Adolescence : the importance of the peer group and friendship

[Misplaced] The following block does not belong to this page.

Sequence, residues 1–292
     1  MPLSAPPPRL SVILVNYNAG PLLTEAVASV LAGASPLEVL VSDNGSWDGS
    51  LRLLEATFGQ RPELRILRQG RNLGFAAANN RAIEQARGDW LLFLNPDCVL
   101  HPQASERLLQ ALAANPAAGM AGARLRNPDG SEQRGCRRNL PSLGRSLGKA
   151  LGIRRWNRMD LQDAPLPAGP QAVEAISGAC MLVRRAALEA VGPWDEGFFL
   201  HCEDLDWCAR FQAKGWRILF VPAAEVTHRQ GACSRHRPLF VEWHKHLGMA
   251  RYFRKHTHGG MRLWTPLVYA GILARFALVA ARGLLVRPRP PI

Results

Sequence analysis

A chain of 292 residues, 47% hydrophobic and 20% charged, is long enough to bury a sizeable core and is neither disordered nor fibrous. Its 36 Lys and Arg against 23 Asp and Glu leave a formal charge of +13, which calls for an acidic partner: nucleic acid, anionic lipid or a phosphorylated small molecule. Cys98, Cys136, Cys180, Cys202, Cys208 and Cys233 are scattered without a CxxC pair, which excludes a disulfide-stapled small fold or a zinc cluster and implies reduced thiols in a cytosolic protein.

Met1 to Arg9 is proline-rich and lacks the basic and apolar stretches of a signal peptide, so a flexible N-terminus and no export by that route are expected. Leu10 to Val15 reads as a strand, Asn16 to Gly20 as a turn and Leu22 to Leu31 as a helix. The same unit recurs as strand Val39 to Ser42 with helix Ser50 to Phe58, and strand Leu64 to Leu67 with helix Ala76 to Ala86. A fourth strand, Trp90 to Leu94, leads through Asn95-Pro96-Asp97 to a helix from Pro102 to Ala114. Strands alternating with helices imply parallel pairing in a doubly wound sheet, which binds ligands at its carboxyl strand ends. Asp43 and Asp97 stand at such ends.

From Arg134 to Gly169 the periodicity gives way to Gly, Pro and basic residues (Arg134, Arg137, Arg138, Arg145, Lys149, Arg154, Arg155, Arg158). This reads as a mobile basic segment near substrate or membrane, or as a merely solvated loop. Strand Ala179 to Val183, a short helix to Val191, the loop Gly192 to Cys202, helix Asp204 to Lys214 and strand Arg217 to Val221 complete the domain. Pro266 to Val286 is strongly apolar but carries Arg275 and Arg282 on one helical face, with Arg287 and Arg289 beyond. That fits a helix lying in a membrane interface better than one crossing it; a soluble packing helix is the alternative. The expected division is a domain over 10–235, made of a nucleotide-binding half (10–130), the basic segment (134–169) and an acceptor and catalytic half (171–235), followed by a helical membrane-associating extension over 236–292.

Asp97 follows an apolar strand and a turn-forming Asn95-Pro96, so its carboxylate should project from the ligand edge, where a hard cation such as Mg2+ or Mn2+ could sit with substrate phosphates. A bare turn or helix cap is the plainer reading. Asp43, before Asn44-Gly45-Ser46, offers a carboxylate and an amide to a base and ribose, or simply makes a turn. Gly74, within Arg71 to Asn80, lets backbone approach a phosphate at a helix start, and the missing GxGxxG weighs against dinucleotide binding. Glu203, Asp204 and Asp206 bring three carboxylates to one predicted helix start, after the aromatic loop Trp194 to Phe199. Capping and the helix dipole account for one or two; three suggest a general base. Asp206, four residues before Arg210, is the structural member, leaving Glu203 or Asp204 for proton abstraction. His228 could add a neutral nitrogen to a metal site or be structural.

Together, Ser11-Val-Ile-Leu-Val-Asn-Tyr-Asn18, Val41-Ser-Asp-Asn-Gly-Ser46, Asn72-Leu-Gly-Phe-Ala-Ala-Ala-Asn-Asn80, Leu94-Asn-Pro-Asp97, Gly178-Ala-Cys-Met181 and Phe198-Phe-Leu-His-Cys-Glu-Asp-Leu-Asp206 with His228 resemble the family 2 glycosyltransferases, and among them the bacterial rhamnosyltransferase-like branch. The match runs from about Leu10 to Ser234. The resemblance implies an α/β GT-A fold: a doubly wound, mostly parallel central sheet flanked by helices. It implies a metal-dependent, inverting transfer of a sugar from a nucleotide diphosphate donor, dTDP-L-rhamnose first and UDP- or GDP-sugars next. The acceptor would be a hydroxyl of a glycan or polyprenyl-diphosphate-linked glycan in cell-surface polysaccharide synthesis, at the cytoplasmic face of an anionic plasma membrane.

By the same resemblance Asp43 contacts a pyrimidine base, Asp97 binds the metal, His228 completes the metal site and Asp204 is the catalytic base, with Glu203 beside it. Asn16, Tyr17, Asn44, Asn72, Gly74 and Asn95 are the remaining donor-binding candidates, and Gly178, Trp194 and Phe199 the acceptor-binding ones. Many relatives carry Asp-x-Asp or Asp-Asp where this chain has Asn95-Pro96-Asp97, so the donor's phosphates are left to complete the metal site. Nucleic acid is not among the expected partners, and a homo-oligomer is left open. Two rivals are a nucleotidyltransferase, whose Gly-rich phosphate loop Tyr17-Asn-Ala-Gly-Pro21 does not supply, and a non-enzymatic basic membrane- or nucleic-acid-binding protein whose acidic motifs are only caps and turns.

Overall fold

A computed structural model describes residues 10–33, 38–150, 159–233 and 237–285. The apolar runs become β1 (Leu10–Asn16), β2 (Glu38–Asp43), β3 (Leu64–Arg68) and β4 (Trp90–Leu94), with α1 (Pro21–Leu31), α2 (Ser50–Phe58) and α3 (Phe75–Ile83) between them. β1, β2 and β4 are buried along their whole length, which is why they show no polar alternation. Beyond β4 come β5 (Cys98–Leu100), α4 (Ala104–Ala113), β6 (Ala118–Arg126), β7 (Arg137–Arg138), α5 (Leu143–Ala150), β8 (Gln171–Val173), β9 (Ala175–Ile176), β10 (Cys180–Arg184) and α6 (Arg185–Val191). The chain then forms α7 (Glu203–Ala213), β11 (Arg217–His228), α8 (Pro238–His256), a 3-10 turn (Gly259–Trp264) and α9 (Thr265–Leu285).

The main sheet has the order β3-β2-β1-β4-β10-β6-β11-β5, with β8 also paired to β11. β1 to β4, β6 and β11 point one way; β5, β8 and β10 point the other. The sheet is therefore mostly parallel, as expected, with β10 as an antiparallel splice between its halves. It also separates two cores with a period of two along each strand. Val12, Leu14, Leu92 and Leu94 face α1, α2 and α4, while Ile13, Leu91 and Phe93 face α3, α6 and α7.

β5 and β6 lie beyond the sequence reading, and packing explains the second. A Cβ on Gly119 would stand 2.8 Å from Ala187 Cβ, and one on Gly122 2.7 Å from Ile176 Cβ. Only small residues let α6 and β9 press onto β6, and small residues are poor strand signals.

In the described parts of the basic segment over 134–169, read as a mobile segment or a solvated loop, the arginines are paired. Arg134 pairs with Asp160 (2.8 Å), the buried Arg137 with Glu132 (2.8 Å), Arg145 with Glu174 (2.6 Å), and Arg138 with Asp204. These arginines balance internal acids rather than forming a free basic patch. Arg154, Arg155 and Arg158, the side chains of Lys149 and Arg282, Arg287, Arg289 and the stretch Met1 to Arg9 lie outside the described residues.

This thesis is concerned with the nature of the peer group experience and friendship patterns amongst a sample of 3rd, 4th and 5th year secondary school pupils. The thesis has four parts and a General Introduction in which the need for more sociological research in the area of the peer group and friendship is asserted. Certain themes are developed in relation to the peer group and friendship, and arguments for the research established. In the final part of the General Introduction consideration is given to the nature of the sociology of youth in relation to social class and age grading in society. Part One has three Chapters. The first deals with recent research into the peer group, most of which is American in origin with the exception of certain ethnographic studies which have been published in this country over the last few years. In Chapter Two research into friendship is considered with Chapter Three providing a critical evaluation of the research presented. A general schema is provided, drawing on the literature review which provides the basis for the development of research methods and the subsequent research programme. Part Two establishes the basis for the thesis research and has one chapter. Four objectives are explored. The first concerns the importance of friendship to young people, the second with levels of friendship, the third with deriving definitions of friendship. The final objective examines the effects of age and sex on friendship and is compared with the findings from four significant studies undertaken in this area. Sociometry is considered in relation to "mapping" a group, a self esteem inventory is developed and the Higher Schools Personality Questionnaire evaluated with a view to measuring a number of personality traits. In Chapter Five of Part Three a research design for quantitative and qualitative research is presented. The data are presented in Chapters Six and Seven. 371 young people completed a questionnaire into their friendship and peer relations and two peer groups were intensively involved in group discussion in an endeavour to provide more detailed information on friendship and peer activities. The final part, Chapter Eight, is devoted to a detailed consideration of the findings from the research in the light of the established objectives. An appraisal is undertaken of the extent to which new knowledge has been provided in the social sciences regarding the peer group and friendship.